It seems to violate the Design Guidelines as stated in the Final Environmental Impact Statement (FEIS) issued by the Empire State Development Corporation (ESDC) and an ESDC spokewoman hinted--though didn't state firmly--that such illuminated signage would be disallowed.
From the FEIS
From page 5 of Chapter 8, Urban Design, of the FEIS:
With the exception of limited signage for ground-floor uses, illuminated and non- illuminated opaque signs would be limited to the westernmost 75 feet of the arena block and to the Building 1 façades along Atlantic and Flatbush Avenues and would be limited in terms of overall surface area and height. Additional signage and lighting would also be allowed on the Urban Room (80-150 feet in height) on Building 1 (to a height of 60 feet), and on the arena façade (to a height of 40 feet); however, this additional permitted signage would have to be sufficiently transparent to make activity within the building and the interior architecture visible to passerby, and to allow people within the building to see outside. This signage scheme concentrates lighting and signage at the intersection of Flatbush and Atlantic Avenues and away from residential neighborhoods to the south.(Emphasis added)
Asked if the pictured rooftop signage would be allowed, ESDC spokeswoman Elizabeth Mitchell repsonded:
Images of the arena used for promotional purposes are renderings. Anything that is built out -- including final signage -- will meet the design guidelines, which we continue to review with Forest City Ratner Companies as specific elements of the design are finalized and evolve from renderings to reality.More images and explanation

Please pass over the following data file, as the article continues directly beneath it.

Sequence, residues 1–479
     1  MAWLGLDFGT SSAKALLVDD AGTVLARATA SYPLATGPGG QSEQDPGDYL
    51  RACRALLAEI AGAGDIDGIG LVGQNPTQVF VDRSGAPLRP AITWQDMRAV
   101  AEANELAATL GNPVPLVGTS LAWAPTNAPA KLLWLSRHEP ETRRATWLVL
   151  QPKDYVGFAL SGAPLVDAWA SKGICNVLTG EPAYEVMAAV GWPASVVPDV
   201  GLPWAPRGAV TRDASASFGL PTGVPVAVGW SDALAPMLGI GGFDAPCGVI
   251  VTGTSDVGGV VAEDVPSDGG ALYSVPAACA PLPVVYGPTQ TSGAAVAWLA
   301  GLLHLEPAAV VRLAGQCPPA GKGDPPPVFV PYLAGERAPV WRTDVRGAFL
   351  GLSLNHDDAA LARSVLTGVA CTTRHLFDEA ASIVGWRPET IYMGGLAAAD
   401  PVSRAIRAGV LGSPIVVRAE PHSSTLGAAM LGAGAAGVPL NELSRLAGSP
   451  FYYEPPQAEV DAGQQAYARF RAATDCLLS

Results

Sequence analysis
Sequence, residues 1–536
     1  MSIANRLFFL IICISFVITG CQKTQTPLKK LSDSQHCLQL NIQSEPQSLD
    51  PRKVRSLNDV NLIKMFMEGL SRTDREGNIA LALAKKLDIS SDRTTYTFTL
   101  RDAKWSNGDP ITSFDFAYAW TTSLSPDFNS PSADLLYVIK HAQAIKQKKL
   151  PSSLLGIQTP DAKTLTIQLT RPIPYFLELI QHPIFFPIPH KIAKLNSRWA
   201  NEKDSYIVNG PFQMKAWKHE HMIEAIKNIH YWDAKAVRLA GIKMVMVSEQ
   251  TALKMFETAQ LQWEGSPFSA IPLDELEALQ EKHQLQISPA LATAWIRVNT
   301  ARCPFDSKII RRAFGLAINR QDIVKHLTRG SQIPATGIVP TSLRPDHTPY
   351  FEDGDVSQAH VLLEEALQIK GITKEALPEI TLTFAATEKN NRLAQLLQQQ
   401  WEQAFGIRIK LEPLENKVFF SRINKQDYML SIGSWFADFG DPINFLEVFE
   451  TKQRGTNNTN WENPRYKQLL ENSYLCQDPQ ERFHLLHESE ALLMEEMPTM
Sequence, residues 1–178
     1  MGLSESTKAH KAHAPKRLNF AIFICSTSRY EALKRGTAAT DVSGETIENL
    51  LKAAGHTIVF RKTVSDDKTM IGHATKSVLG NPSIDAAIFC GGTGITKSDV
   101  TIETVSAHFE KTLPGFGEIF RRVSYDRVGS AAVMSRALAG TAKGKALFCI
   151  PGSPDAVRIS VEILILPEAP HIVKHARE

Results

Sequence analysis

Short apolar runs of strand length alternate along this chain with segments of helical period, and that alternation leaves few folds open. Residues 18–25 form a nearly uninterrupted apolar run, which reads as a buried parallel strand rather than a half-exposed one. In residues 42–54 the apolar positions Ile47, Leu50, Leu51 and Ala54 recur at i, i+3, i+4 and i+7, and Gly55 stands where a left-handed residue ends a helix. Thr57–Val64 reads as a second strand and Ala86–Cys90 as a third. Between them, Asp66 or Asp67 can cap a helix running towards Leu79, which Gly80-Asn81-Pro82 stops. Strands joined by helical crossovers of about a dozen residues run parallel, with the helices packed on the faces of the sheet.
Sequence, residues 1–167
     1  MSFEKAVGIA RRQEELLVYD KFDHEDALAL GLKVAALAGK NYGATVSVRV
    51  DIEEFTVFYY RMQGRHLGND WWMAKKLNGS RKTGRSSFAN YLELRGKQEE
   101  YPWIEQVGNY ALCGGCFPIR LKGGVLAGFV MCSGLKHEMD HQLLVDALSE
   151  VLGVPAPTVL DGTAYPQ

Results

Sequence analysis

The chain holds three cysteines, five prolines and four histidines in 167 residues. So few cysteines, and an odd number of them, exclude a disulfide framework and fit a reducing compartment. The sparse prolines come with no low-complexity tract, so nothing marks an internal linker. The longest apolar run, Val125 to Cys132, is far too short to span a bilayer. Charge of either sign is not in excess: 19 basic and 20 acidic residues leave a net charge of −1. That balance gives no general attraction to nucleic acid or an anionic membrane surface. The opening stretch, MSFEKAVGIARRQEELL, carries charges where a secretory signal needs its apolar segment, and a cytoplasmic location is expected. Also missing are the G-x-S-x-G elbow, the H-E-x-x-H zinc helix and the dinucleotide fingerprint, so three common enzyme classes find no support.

In case you were wondering about SHoP's philosophy, the firm describes a Featured Project as such:
Barclays CenterThey may be aiming for a strong connection to the surrounding urban environment, but images like the one helicopter view posted above make the arena look like a petite keepsake, not a (near-) billion-dollar project.
The design of the Barclays Center achieves a striking balance between iconic form and performative engagement with the street. It is legible at multiple scales while maintaining an identity that delights visitors, neighbors, fans, and spectators. Integrated into one of the busiest urban intersections in the New York metro area, the Center will sustain a healthy, interactive dialogue with the surrounding streets and neighborhood. The Main Public Concourse is predominately [sic] glazed at the sidewalk level to ensure optimum accessibility and visibility. The civic gesture of the arena is heightened by a spectacular 30' high canopy which contains an oculus that frames the view of the arena. The Main Public entrance plaza links Atlantic and Flatbush Avenues and creates a flexible, welcoming, yet grand civic space. Views and physical access both into and out of the arena will be plentiful, easy and accommodating, thus ensuring a strong connection to the surrounding urban environment.